India has a population of 1,368 million, Pakistan of 218 million, Bangladesh of 163 million, Nepal of 29 million, Sri Lanka of 54 million, and Afghanistan of 38 million. That adds up to some 1,900 million people. Kashmir represents 0.4 percent of the population of South Asia. Without condoning for a moment India’s harsh treatment of the Kashmiris, is it worth risking the lives of the other 99.6 percent for the 0.4 percent?
Of course, even a conventional war would be disastrous. Both countries are armed to the teeth. Pakistan has 600,000 troops and India has double that number along with all the usual paraphernalia of war. Additionally, both countries have hundreds of thousands of reservists and paramilitary forces.
If a clash occurs, it won’t remain confined to Kashmir. Fifty four years ago in 1965 Pakistan sought to internationalise the Kashmir issue by sending irregular forces into Indian Kashmir. Operation Gibraltar was launched in August and when it failed, Operation Grand Slam was launched on the 1st of September. Feeling the pressure in Kashmir, India attacked Lahore with all its fury on the 6th of September. A full-scale war broke out. A cease-fire followed just a few weeks later. Nothing changed in Kashmir but lives and treasure were lost.
Pakistan’s economy took a big hit and President Field Marshal Ayub was hounded out of office just as he was beginning to celebrate a Decade of Development in 1968. A worse fate awaited his hand-picked successor, President General Yahya Khan, who decided to get into a war with India after annulling the elections which had been won by an East Pakistani party for the first time. Yahya indulged in calling the Indian Prime Minister names and a ‘Crush India’ campaign was launched. Yahya lost half the country in 1971 and was hounded out of office.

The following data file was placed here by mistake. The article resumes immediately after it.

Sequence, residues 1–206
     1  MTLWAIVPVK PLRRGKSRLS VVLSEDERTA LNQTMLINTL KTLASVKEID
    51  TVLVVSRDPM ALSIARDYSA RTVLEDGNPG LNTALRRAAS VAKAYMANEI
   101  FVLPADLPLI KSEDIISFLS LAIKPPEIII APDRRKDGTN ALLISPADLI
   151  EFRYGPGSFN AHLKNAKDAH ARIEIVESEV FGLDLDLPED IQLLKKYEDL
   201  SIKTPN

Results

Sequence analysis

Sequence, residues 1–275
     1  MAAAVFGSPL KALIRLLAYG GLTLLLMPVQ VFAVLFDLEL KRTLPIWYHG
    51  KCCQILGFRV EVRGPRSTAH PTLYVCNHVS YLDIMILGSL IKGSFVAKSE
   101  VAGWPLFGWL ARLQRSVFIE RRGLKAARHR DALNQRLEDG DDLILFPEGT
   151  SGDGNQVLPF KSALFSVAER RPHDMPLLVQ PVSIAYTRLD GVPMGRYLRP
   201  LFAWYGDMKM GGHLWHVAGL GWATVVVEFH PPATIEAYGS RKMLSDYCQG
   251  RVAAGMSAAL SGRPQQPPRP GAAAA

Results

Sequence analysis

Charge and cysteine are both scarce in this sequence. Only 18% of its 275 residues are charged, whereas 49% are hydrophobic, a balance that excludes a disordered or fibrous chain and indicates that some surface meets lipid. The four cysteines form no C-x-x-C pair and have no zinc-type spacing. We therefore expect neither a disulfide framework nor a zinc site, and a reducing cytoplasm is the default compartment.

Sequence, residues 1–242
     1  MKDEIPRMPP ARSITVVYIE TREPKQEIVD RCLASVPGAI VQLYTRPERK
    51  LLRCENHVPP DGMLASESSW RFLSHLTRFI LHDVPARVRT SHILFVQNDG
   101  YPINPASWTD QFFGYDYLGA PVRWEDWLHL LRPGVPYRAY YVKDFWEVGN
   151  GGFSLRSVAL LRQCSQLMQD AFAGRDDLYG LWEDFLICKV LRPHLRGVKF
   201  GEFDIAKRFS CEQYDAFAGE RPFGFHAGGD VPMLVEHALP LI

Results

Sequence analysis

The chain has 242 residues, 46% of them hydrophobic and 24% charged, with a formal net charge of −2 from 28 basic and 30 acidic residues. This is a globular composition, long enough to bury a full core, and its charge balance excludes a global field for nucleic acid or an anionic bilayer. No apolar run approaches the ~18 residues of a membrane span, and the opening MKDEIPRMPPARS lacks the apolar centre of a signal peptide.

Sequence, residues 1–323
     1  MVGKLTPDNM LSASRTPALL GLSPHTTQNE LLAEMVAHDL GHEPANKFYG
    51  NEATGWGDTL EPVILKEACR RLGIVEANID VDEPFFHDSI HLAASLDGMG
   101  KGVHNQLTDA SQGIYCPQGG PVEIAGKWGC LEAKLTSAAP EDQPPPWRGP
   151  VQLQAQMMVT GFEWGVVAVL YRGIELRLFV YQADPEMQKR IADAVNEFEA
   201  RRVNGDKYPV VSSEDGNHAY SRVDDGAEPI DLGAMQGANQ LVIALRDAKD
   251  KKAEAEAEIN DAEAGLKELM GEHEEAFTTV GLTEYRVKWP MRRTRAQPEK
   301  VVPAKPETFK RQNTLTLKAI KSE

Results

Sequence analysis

In 1999, the Pakistan army under General Musharraf decided once again to internationalise the issue by attacking Indian positions in Kargil. The mission did not change the status of Kashmir. As Air Marshal Asghar Khan noted it sullied Pakistan’s position on Kashmir. And then Musharraf overthrew the elected government in a coup and seized power.
Professor Stanley Wolpert noted that after Pakistan brutally suppressed its majority population in East Pakistan, it lost the moral ground for supporting the rights of the Kashmir people.
In his 1909 book, Norman Angell called war nothing but a grand illusion. The economic cost of war was so great that no one should think of starting one. War was economically and socially irrational and futile because conquest did not pay. Arms build-up did not secure peace but made war inevitable. That was the great illusion.
Sadly, rational argumentation did not stop the Great War from breaking out. What was supposed to be a short war lasted four years. On its centenary, a movie was released entitled, “They Shall Not Grow Old.” It documents how an entire generation, the flower of Europe, lost their lives.
Let’s hope that sanity will prevail in South Asia, that the lessons of history would be digested, and that the rhetoric will cool down. Otherwise Armageddon awaits the nearly 2 billion people who call it their home.
Ahmad Faruqui is a defense analyst and economist. He has taught at the universities of Karachi, California at Davis, and San Jose State. Faruqui is the author of “Rethinking the National Security of Pakistan” (Ashgate, 2003). Contact him via Twitter @AhmadFaruqui